He said… She said. Why does it matter?

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Readers love books with lots of dialogue and not so much narrative. Good dialogue should never just be idle chit-chat or casual conversation. Dialogue moves the storyline forward and is written specifically to create a certain mood.

In the following edited conversation between Brett and Kimberlee, from Black Cat’s Legacy, she shares her darkest secret.

Kimberlee took a deep breath and sighed. “I’ve had nightmares all my life. I never thought they had anything to do with my father’s death.”

“Nightmares?” Brett wrinkled his forehead. “Go on.”

“I remember now. In my dream…maybe it wasn’t a dream… My father is lying at the foot of the stairs and there’s someone standing in the shadows!”

Brett leaned across the table and took her hand. “You were there? You saw the killer?” His grip tightened on her hand. “You know who it was?”

She shook her head. “I heard voices. I came down the stairs. I remember something red, maybe a piece of clothing? I heard a shot and then I saw his…his… body. That’s all I remember.” She laid her head on her arms. “I never realized what it meant. I thought it was just a nightmare.”

“I can’t imagine how you must feel. I want to help get to the bottom of this. What can I do?” Brett’s voice shook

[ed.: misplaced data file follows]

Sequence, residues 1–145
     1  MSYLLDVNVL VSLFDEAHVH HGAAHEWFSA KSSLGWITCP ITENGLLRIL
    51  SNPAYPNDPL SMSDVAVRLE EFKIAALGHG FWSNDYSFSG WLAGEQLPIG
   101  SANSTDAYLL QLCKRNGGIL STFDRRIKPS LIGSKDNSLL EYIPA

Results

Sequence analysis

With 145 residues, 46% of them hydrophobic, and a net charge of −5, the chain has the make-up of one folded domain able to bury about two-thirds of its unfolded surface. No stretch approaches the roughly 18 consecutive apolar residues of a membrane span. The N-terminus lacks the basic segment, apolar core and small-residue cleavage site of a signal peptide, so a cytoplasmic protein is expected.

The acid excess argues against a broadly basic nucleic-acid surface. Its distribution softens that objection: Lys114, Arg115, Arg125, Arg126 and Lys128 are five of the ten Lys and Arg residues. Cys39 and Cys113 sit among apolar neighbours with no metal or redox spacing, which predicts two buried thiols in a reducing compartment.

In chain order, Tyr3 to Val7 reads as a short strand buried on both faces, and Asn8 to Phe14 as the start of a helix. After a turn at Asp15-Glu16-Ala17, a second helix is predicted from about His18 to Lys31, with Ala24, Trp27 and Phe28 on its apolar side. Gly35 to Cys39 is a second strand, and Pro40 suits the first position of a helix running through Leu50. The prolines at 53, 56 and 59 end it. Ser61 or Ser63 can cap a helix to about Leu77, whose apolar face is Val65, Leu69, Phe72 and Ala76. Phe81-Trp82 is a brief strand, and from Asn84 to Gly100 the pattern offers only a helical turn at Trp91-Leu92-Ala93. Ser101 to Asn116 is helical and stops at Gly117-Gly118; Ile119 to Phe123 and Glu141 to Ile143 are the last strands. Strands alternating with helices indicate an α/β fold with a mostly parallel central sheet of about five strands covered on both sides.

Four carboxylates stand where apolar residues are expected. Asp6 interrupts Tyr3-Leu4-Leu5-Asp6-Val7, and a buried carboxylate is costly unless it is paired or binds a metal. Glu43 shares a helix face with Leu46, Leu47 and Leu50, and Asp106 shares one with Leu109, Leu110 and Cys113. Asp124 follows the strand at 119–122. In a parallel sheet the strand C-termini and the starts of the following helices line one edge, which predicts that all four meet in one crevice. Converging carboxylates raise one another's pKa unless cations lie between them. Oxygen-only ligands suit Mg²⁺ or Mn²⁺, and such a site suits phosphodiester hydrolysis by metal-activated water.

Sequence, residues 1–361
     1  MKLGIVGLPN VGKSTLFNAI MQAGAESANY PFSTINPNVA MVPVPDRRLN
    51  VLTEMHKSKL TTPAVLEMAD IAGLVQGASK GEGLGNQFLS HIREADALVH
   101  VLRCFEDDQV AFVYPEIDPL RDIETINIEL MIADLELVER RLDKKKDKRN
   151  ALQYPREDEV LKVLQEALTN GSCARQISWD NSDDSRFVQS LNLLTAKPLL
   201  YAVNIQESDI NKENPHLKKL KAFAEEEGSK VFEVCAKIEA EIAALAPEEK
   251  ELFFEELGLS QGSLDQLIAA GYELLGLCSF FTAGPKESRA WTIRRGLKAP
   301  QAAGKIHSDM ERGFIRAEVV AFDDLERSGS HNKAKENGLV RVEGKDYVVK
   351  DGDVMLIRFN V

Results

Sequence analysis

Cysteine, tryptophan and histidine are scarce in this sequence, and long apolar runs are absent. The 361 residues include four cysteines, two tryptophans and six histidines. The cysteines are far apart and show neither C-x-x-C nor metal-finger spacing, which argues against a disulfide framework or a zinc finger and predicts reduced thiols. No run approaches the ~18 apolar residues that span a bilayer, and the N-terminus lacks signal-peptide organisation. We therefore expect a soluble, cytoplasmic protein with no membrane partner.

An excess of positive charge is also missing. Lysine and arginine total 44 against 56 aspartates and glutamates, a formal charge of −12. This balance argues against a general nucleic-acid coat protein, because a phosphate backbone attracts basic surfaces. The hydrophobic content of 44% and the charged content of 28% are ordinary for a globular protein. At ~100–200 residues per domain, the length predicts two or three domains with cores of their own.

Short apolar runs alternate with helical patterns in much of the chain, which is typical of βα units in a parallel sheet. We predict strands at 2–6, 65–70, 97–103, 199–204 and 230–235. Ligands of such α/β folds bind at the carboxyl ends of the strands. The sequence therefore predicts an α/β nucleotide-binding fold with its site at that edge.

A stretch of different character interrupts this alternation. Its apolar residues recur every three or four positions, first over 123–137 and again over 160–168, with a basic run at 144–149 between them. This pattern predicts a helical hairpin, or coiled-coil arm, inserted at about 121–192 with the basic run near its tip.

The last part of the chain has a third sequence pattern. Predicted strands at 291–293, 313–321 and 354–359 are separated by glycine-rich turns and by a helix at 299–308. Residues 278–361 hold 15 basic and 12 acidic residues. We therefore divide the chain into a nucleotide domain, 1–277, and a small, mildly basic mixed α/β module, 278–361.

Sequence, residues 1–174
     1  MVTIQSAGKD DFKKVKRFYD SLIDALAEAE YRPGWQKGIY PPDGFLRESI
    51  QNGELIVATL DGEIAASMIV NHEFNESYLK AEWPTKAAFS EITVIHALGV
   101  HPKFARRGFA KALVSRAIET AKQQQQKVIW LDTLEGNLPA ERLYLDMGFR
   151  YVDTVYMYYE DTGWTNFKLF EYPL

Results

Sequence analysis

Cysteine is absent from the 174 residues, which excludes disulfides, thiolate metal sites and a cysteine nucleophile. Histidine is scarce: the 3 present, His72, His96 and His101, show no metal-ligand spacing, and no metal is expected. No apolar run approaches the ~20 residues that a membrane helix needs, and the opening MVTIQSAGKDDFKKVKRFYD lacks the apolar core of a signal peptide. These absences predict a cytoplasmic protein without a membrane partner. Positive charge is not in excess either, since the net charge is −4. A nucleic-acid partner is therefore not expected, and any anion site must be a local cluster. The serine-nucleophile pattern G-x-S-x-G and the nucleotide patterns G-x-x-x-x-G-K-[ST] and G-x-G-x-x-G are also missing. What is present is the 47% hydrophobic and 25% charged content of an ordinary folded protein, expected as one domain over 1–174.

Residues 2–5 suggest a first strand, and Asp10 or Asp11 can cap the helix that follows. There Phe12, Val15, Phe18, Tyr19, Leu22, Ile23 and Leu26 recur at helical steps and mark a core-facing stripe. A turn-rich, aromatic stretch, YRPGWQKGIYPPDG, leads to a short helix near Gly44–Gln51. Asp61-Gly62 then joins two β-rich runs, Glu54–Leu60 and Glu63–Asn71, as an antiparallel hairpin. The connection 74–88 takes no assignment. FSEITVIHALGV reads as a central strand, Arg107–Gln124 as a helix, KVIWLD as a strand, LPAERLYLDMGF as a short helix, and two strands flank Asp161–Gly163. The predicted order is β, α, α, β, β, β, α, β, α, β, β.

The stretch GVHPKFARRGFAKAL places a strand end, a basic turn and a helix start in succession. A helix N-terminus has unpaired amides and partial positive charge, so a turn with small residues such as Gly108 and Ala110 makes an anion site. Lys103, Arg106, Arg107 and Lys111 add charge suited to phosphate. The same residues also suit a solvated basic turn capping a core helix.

.
She lifted her head. Tears ran down her cheeks. “There is one thing, but I hate to ask.”
“Anything. Just name it. How can I help?” A flicker of concern swept across his face. He squeezed her hand.

“Maybe get me a tissue?” Her eyes crinkled in a smile.

What does this dialogue reveal?
In a few short sentences, we learn that Kimberlee never understood the connection between her nightmares and her father’s murder. We feel empathy for her pain. We see Brett’s increasing attraction to her, and suddenly during this tense moment, she delivers a one-liner that hopefully, if I did my job well, makes you smile.

Even more than the narrative in a story, good dialogue can create drama, romance, angst, or humor. If you can put it all in one conversation, go for it!

The reader doesn’t understand the creative effect of what a writer has done or admire their skill of their craft. They just know that as they read, the dialogue makes them feel they are watching the scene unfold, or better yet, they become one with the characters, feeling their joy, their pain, or their sorrow as they are pulled into the story.

The mark of a good book is when the reader reaches “THE END” and wishes there was another 100 pages. The mark of a GREAT book, is when that same reader searches for the sequel or another book by this same author.

Beyond a good plot, a charming setting or appealing characters, writing dialogue that sings is essential to creating this kind of reader’s response. It contributes to the success or failure of a book and to the writer’s career.